Unlike an enzyme cleaner, it doesn’t actually get rid of the uric acid crystals, just eliminates the odor. However, ion-based odor eliminators don’t actually clean up any stains, so I’d recommend using a surfactant to clean up any stain after canceling out the odor with the ion odor eliminator.
The biggest downside to an ion-based odor eliminator is its price. A gallon can run up to around $100.
Let’s take a look at our list of the best cat urine carpet cleaners in each category.
The best cat urine carpet cleaner combines a history of effectiveness, safety, and environmental friendliness. All of the following products satisfy these requirements.
Our favorite cat urine carpet cleaner: Live Pee Free!®
Live Pee Free! is an impressive odor eliminator. It’s the only ion-based urine odor eliminator on our list and as far as I know, is the only ion-based odor eliminator made for pet urine.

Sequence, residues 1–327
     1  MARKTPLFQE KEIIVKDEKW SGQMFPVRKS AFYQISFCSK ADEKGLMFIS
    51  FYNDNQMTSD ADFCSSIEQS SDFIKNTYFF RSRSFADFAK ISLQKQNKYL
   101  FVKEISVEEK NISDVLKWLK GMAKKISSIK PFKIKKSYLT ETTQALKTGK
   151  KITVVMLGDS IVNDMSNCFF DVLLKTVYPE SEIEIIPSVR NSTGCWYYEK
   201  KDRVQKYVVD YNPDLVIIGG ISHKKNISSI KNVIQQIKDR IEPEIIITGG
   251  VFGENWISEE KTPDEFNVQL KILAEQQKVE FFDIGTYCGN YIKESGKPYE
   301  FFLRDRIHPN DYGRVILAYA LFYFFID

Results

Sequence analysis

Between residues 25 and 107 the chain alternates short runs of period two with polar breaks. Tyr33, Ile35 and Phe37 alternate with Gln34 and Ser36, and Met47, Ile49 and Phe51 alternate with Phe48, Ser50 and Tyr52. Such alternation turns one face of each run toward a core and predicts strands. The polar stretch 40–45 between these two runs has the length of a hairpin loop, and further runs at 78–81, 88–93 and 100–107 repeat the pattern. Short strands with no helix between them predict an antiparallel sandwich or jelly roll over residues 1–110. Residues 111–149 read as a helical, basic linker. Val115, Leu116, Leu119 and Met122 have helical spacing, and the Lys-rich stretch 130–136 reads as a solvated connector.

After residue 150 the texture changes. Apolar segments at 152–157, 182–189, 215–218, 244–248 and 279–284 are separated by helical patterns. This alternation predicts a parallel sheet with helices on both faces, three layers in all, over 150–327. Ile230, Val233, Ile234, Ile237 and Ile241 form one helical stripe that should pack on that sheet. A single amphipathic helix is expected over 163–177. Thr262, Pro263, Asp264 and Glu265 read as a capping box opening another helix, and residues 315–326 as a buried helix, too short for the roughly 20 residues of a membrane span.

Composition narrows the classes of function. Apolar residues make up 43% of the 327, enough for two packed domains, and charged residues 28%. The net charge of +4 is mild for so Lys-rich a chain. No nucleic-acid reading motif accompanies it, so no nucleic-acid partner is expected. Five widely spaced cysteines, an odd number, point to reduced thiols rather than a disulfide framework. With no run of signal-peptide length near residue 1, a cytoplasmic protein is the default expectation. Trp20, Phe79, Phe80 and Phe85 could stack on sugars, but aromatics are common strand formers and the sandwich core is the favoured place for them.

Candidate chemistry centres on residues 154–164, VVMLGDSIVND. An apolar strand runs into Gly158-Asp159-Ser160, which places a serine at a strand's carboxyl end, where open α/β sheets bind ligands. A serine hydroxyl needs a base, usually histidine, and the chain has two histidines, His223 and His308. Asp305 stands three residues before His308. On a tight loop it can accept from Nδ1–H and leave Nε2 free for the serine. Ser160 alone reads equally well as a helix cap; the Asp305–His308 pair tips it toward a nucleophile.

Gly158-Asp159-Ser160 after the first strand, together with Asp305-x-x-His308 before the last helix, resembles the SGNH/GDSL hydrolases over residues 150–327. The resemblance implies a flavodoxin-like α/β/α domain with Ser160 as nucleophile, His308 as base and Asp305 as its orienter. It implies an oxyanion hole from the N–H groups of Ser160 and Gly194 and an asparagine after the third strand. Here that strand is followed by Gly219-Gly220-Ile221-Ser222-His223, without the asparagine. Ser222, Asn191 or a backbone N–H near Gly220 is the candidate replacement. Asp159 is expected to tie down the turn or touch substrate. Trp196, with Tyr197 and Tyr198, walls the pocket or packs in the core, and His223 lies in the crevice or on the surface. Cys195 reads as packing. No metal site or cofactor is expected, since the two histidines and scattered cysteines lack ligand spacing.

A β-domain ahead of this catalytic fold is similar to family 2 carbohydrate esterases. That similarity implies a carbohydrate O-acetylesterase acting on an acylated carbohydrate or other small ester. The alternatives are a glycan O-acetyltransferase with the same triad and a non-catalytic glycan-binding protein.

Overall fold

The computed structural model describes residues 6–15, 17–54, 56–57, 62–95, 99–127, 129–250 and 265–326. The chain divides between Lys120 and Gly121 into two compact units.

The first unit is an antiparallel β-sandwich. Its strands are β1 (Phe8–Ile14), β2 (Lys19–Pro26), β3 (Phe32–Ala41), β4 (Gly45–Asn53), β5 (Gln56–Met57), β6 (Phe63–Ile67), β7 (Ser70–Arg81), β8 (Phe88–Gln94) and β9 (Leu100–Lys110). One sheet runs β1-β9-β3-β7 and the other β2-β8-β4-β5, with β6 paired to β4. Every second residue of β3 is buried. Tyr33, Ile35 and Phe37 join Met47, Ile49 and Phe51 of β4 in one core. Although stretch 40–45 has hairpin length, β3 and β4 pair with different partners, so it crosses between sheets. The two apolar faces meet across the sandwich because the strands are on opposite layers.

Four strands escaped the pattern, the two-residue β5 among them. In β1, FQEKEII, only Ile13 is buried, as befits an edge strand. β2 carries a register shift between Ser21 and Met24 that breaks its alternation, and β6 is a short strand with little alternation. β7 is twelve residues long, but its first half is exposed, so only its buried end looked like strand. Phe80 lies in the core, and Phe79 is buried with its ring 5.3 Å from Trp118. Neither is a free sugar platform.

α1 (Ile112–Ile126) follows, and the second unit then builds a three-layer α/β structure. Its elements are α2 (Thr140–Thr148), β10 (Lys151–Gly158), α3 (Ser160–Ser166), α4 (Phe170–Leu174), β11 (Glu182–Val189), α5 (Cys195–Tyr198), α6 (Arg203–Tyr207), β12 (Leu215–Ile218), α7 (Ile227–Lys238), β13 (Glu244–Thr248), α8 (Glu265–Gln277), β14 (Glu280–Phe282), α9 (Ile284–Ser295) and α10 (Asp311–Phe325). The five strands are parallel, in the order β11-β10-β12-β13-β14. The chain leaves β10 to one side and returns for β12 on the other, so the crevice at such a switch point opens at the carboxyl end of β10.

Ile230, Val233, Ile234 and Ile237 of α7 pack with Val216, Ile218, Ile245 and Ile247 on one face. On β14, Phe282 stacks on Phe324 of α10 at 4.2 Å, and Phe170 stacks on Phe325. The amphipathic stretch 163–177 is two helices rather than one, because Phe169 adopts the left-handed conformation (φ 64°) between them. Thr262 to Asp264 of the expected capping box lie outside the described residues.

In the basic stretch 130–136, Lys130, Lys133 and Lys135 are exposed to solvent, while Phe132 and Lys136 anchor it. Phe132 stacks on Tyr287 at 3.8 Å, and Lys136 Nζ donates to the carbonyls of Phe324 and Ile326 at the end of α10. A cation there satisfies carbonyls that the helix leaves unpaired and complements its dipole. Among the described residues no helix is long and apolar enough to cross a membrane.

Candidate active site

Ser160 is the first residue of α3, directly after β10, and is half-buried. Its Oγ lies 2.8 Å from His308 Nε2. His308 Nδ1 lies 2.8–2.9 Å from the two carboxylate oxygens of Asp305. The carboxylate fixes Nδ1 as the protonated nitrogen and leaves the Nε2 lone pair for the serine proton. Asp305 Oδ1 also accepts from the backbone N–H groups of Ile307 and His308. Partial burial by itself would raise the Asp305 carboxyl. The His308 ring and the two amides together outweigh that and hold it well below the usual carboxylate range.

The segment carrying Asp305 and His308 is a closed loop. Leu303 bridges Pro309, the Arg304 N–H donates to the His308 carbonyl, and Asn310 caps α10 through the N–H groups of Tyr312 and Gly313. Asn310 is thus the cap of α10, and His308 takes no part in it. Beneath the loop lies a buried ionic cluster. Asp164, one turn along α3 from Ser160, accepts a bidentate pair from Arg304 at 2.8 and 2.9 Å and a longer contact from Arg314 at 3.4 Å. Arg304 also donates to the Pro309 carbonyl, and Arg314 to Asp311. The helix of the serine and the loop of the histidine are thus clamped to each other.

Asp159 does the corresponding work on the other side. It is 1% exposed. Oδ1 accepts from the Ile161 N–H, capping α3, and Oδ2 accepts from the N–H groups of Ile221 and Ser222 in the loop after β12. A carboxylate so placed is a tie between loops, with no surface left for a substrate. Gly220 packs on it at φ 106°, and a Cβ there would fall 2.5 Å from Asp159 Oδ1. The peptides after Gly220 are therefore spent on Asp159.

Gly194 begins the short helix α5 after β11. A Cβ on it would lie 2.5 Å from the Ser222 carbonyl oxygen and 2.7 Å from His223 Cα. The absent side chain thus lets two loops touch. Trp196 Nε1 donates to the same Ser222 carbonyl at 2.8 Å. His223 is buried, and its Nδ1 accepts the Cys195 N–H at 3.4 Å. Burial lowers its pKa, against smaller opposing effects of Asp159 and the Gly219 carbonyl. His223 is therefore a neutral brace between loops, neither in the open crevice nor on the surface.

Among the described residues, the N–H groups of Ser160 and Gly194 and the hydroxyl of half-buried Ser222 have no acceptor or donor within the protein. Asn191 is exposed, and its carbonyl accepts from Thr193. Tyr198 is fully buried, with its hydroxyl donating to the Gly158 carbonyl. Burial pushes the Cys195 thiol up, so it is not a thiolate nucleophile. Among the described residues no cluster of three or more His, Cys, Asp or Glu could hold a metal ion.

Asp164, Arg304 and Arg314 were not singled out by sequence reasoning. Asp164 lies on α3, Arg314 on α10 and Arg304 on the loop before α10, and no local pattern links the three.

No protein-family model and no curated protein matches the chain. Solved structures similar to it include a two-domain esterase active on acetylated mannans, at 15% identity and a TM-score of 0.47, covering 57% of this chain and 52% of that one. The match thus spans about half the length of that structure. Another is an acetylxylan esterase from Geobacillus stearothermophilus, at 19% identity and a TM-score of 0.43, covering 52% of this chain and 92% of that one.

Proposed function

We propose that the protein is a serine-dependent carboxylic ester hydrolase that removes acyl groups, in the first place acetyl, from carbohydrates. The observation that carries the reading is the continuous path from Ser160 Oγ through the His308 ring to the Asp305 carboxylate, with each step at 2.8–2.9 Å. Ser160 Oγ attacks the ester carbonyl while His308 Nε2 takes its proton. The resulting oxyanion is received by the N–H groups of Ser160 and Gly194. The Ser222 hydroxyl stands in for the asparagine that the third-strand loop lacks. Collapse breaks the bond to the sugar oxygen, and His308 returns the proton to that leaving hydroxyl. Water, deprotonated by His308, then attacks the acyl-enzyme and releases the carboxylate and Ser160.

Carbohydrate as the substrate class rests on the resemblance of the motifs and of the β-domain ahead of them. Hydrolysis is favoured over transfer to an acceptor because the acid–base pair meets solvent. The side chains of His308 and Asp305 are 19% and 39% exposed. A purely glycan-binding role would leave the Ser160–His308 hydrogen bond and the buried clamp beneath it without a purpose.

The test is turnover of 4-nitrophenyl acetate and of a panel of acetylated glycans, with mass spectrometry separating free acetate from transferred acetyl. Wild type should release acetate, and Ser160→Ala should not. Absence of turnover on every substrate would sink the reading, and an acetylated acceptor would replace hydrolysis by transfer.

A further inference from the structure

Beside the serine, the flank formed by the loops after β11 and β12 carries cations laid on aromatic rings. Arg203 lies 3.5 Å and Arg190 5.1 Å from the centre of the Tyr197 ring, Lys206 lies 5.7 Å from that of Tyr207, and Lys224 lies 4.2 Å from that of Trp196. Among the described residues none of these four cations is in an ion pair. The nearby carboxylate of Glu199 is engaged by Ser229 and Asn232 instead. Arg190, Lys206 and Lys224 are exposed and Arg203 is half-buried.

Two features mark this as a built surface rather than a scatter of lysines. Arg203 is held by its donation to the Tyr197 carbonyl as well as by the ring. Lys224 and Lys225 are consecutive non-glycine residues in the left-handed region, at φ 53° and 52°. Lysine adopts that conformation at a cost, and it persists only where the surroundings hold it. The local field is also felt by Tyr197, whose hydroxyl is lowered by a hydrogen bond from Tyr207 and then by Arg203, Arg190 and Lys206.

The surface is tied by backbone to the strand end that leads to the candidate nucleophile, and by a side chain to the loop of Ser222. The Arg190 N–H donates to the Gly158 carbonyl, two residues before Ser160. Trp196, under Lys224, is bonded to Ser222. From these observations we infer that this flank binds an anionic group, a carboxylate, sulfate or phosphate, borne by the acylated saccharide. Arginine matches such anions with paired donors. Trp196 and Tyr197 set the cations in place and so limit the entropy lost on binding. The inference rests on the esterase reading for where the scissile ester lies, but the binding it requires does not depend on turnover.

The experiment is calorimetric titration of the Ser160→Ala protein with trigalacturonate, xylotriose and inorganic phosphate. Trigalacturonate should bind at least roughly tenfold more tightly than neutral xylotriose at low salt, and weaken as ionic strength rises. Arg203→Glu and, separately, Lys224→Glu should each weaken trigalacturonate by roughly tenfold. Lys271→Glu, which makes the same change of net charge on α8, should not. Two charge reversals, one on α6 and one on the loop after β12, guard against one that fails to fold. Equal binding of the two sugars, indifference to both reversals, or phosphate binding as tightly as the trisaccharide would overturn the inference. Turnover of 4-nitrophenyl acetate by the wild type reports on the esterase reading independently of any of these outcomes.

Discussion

If you’re looking for a near-instant odor eraser that really works, you’ll want to try this stuff.
I was first introduced to Live Pee Free! at a trade show where they demonstrated its odor-canceling abilities on an ammonia-soaked paper towel. Naturally, I was dubious. Ever heard of the door-to-door cleaner salesmen who have something different in their demo bottle than what they actually sell you?
The people at the trade show booth offered to send me some of the odor-eliminator to try out once I got home from the show. That’s when I had the opportunity to try out the odor eliminator on actual cat urine. It was still impressive. My biggest complaint with Live Pee Free! is its high price—think $99.95 for a gallon—and the fact that you need to use a lot to actually soak through and eliminate the odor.
- Gets rid of odors quickly.
- Works permanently.
- Non-toxic and safe for pets.
- Doesn’t stain or discolor carpet.
- Odorless, so it won’t bother you or sensitive cats.
- Requires several applications if you’ve already used another cleaner.
- Takes quite a bit to soak through and eliminate the odors.